Making the choice to hire a financial advisor is a big decision, but after deciding to work with a financial advisor, finding someone that you trust and are comfortable working with can seem like an even bigger challenge. Most people start the process by asking friends or co-workers if they work with or know someone who is an advisor, or searching google for “name of their town + financial advisor” and seeing what pops up.
After you’ve put together a list of a few advisors to look into, how do you actually evaluate who to work with? I suppose you could always go by their photos on the website; are you more comfortable with jeans and a sportcoat guy or is it pantsuit/suit & tie all the way?
Rather than evaluating them on how close their office is to your house, or if you have the same choice in fashion designers, I’ve come up with a few questions that you should consider asking them instead. By starting with the questions below you’ll learn more about their business and what types of clients they work with, helping you to make a more informed choice.
Are you a fiduciary?
A fiduciary is someone who is legally bound to make decisions and recommendations that are in the best interest of their client regardless of the impact on the advisor. I believe this is the best and most honest way for a financial planner or advisor to work with clients. When your advisor is a fiduciary it reduces the chances of a potential conflict of interest between you and your advisor.
You can feel confident that you are receiving the best advice for your situation, rather than being sold investments or financial advice that may result in higher sales commissions for your advisor.
How do you get paid?
This may seem like a surprising question to ask since you are the client and expect you will pay for your advisor’s services. Aside from the question of how you pay your advisor, whether that’s in the form of an upfront fee, a monthly retainer, hourly, for assets under management (AUM); you may not be the only one that pays them.
Your advisor could also be paid a commission by Mutual Fund companies in exchange for selling their specific funds to clients. In this case the client, you, are still paying the planner, but indirectly through the price of the investment or insurance products.
A fee-only advisor on the other hand is exactly what it sounds like, an advisor that is paid only in direct fees by you the client. With a fee-only, fiduciary advisor you can be sure to understand how much you are paying and what services you are paying for.
Are you stuck in the 20th century?
Maybe a more polite way to ask this question of an advisor is with a set of questions: How do you usually communicate with clients and what technology do you use for managing your client’s information? Do all client conversations take place in the office? Do you use electronic signature software or do all documents require a physical signature, which can mean more time spent visiting the office, printing, signing, and faxing documents. How long does it take you to respond to emails or texts? Do you text?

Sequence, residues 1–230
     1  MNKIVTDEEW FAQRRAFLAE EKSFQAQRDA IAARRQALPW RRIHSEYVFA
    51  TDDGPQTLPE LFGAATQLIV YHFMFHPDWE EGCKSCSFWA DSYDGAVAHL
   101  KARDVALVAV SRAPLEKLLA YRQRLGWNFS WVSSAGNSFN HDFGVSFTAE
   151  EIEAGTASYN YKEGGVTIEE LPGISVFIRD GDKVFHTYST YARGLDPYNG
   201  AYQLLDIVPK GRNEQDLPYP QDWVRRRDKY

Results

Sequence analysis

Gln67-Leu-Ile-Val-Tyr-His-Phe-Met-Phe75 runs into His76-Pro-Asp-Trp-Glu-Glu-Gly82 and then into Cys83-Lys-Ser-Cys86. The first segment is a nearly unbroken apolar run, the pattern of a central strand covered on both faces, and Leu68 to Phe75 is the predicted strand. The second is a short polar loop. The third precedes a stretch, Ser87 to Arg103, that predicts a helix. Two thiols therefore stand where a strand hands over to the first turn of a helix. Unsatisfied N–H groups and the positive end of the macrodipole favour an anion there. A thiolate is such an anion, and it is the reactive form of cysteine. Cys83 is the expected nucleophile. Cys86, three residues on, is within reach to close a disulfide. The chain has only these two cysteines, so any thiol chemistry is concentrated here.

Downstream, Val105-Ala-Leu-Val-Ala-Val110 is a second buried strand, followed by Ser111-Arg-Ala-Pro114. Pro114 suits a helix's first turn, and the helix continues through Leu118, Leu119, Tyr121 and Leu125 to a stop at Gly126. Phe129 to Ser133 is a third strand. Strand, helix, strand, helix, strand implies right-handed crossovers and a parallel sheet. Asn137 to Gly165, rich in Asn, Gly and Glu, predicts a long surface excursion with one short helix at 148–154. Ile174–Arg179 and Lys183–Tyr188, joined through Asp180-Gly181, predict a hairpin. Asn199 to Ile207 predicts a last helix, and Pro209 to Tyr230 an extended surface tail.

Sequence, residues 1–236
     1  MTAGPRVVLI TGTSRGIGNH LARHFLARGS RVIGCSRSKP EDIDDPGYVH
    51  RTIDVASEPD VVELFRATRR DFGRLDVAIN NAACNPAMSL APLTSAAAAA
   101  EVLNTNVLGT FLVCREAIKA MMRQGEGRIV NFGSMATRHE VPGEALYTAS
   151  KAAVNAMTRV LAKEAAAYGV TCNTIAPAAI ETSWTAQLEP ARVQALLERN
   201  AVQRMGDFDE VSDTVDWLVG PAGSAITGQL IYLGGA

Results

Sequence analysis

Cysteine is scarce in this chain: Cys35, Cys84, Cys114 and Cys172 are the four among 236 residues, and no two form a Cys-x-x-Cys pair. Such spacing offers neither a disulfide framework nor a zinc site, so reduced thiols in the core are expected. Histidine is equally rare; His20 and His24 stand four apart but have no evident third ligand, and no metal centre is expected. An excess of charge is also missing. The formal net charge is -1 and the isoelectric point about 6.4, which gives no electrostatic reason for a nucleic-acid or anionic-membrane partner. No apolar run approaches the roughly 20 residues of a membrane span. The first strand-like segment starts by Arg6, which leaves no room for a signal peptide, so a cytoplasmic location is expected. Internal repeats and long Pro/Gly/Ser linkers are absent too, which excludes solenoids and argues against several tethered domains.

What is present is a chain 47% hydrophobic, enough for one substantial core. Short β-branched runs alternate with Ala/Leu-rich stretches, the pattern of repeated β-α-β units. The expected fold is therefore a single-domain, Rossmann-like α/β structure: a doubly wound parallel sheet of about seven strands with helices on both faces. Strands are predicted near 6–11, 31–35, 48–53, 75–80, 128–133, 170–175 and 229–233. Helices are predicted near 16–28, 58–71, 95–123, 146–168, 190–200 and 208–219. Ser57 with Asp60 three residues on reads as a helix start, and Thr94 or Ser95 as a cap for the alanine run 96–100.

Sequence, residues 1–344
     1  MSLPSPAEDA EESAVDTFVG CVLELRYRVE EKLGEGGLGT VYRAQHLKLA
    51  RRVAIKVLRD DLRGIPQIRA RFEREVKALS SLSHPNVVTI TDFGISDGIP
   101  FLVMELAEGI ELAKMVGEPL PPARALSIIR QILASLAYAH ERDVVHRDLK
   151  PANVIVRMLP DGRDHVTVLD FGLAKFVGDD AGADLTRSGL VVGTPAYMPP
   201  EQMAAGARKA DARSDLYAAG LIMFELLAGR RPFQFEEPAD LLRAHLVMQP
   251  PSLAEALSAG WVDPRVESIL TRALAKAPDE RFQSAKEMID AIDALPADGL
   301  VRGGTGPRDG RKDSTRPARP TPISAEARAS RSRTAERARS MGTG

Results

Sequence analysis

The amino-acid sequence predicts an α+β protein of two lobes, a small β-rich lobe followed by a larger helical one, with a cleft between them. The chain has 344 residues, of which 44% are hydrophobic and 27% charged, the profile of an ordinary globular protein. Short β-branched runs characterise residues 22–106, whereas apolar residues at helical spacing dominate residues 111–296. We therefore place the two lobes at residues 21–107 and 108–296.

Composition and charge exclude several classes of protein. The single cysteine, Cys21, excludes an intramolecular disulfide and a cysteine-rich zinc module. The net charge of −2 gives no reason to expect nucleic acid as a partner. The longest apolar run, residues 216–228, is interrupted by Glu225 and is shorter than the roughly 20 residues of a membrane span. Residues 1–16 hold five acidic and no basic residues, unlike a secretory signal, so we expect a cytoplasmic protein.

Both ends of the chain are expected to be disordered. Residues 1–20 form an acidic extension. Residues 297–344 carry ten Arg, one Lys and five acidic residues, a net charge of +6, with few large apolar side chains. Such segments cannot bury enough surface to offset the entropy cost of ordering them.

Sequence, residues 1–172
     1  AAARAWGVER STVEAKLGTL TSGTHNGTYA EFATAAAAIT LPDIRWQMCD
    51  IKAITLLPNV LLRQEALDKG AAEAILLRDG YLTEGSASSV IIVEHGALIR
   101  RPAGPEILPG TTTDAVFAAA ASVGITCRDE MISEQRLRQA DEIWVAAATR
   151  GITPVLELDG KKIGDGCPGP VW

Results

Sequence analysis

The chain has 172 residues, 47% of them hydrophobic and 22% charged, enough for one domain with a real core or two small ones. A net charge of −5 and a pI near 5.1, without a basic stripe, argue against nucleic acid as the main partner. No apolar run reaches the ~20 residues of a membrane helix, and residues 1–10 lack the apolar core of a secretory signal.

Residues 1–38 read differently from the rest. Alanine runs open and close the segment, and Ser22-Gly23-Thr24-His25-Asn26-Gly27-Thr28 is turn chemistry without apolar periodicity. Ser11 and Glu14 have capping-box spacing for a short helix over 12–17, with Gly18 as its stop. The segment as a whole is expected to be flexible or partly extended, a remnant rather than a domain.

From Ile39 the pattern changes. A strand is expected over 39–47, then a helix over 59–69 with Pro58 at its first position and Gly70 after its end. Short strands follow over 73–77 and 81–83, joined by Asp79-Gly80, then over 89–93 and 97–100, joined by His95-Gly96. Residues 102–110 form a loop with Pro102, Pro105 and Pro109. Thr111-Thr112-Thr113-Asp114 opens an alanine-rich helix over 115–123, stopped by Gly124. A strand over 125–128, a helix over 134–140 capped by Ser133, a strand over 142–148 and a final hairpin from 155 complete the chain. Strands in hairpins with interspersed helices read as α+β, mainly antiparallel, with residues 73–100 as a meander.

Some of these questions might be more important to you than others, maybe you are unavailable during normal business hours so email and text are the best ways for you to communicate. Or you travel a ton for business and will need to use skype for meetings most of the time.
We all lead busy lives these days and you need an advisor that is comfortable communicating with you in the way that works best for you. Whether that’s with in-person meetings, over email, on a skype or phone call, or texting, you should find an advisor capable of having conversations with you where you are most comfortable.
What does your typical client look like?
One of the keys to a successful client-advisor relationship is for the advisor to have an understanding of the client’s specific situation, goals, needs, and the options to achieve them. You will have a more successful relationship working with an advisor that specializes in clients with a similar profile to yours. As an example, an advisor who specializes in working with doctors will be better suited to continue working with doctors as she builds up expertise about the specific challenges and opportunities facing doctors and the potential solutions and recommendations available.
A good way to find out if a potential advisor is a good fit for you to work with for you, is to ask about the types of clients they currently help. Do they work mainly with small business owners and entrepreneurs, do they work with folks in their 50s and 60s making their final preparations for retirement, or do they work with young families and individuals helping with investment decisions and college debt/savings strategies? All three of these groups require financial advice, but the financial plans for each group would tend to look quite different. Regardless of which group you belong to, you want to make sure your advisor is specialized and knowledgeable in the areas that affect you.
Making your selection
Asking potential advisors these four questions will help you to find an advisor that has the qualities and expertise that you are looking for. And almost as important, by having a plan in place for how to evaluate potential advisors, you’ll feel more in control of the process and feel confident that you are selecting someone who will be a good fit to work with for years to come.